The Bush Doctrine: preventive war in Iraq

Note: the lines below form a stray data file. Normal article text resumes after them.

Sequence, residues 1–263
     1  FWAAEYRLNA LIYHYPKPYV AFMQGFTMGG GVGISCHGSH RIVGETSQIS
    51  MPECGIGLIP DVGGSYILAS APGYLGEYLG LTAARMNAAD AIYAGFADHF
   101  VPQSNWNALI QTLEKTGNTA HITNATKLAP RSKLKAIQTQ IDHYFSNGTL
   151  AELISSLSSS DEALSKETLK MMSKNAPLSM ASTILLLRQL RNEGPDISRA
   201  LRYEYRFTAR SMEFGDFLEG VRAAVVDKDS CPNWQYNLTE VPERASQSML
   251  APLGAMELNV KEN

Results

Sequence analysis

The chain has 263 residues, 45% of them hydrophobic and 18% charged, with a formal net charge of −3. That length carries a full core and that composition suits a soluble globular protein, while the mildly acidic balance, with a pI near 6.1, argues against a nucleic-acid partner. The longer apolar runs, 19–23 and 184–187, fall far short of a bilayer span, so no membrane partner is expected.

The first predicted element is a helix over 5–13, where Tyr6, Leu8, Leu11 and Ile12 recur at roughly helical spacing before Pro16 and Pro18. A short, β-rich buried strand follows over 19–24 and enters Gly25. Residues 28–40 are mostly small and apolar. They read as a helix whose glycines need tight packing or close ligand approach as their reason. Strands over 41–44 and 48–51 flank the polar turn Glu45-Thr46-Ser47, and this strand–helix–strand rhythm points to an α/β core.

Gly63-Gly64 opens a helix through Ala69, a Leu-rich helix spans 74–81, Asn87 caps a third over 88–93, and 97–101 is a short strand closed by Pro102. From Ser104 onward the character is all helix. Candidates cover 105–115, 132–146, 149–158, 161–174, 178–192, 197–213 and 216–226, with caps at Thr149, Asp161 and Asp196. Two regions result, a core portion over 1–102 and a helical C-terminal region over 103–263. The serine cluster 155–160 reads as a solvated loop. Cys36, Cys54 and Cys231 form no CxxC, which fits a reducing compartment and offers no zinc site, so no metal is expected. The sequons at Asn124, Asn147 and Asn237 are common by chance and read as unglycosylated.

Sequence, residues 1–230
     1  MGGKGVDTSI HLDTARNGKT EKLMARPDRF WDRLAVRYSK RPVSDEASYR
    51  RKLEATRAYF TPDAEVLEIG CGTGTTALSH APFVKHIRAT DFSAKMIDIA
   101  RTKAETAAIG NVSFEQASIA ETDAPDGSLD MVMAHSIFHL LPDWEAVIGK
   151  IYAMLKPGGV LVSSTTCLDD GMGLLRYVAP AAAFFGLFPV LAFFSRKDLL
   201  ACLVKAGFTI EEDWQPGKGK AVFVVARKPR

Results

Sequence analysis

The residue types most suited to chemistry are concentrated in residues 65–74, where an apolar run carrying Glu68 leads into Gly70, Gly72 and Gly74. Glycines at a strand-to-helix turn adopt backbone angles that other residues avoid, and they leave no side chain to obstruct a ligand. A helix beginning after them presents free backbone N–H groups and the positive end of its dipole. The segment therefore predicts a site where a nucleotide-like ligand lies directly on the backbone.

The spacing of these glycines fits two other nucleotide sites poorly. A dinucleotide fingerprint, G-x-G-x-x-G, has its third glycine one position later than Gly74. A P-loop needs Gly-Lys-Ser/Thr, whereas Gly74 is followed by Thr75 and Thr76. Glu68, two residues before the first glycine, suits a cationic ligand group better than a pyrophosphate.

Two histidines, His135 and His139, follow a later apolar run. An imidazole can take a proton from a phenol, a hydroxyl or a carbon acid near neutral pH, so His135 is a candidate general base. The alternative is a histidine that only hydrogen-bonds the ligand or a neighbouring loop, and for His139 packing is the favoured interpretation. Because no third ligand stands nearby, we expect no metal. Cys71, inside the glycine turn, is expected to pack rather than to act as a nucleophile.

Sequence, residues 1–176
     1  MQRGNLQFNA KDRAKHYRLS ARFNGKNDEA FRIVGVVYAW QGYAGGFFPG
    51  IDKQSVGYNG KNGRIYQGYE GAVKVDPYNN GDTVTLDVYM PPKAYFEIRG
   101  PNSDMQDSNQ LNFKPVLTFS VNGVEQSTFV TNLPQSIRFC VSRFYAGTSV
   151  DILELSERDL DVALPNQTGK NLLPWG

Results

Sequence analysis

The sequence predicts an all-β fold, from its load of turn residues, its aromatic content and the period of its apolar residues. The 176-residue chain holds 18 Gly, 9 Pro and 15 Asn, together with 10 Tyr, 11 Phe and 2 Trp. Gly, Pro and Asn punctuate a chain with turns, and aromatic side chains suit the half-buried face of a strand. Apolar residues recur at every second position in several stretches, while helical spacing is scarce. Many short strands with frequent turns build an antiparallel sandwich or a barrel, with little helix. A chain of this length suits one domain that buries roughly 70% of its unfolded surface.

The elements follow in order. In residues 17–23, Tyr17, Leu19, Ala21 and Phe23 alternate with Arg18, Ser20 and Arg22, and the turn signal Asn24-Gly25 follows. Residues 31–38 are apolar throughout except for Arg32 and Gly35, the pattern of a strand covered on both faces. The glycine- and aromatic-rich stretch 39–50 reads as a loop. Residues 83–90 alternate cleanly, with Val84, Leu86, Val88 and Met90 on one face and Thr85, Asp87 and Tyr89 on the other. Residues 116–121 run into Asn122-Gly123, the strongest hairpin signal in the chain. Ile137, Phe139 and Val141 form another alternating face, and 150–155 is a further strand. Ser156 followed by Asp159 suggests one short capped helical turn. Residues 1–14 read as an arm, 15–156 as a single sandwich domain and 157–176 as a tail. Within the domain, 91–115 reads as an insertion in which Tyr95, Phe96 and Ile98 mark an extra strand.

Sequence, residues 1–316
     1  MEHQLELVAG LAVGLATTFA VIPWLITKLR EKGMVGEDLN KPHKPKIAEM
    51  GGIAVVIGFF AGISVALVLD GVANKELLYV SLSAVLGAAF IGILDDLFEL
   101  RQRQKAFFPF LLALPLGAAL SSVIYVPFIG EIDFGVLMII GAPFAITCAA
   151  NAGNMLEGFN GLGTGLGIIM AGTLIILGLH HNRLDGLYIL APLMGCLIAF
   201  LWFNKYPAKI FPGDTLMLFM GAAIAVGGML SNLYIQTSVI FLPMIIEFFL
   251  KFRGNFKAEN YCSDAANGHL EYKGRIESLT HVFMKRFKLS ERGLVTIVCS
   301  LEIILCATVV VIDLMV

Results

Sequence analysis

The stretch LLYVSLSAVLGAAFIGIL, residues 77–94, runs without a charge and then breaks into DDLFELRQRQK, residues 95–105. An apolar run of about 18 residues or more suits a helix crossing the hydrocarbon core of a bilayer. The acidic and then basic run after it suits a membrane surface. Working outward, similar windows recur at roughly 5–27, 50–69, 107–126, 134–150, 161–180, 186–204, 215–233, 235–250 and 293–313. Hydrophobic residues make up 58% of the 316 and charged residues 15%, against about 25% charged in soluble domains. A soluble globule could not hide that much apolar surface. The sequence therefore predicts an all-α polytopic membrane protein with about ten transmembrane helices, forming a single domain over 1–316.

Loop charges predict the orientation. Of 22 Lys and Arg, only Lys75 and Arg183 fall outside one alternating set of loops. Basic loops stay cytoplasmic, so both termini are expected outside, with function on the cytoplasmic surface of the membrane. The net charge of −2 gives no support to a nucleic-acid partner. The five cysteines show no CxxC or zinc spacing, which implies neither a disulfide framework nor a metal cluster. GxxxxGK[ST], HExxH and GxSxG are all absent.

Having estab lished the meanings and definitions associated with pre-emption and pre ven tion, and the extent to which preventive war was con sidered a viable option by his Administration; the next task for Bush was to “choose” a state in which to undertake the preventive war strat egy. It was clear that from 2001 to 2003, Iraq, Iran, and North Korea were all perceived to be “grave and gath er ing threats”—and were all con sidered rogue proliferators. Assuming that the US was determined to act preventively against at least one of them, one would expect to find evid ence that the Bush Administration sought and/or planned to attack all three. From the beginning, how ever, it appeared that the Administration’s preferred target was Iraq. As indicated by Clarke, the US “planned early on to elim in ate Saddam Hussein.”1 That is, on Novem ber 21, 2001, only two months after the Septem ber 11 terrorist attacks, Bush reportedly asked Secretary of Defense Donald Rumsfeld, “what kind of a war plan do you have for Iraq? How do you feel about the war plan for Iraq?”2 Furthermore, within days of the pub lication of the National Security Strategy, the Bush Administration announced that a senior State Department official would travel to Pyongyang in Octo ber to reengage the North Koreans on secur ity issues, while others were quietly working to secure Iranian neutrality in the case of a war with Iraq.3 Why was this the case? If the Iranian and North Korean regimes were just as de spic able and dangerous as Iraq, why did the Bush Administration seek con cili ation with the former and war with the latter? Or, as Senator Richard Durbin inquired in a Septem ber 10, 2002 speech to Congress, “If all three are threats and enemies to the US, why is it that the Administration has focused on Iraq.”4 Indeed, if preventive war was to be undertaken, why was Iraq the state of “choice” for the Administration? These questions, together with those pertaining to the events sur round ing the justification and lead up to the actual declaration of war, are addressed in this chapter, and thereby, will enable later ana lysis on the extent to which the National Security Strategy (in its preventive en dorsement and as pira tions) has been evid ent and perhaps even implicit in US secur ity strat egy since the end of World War II.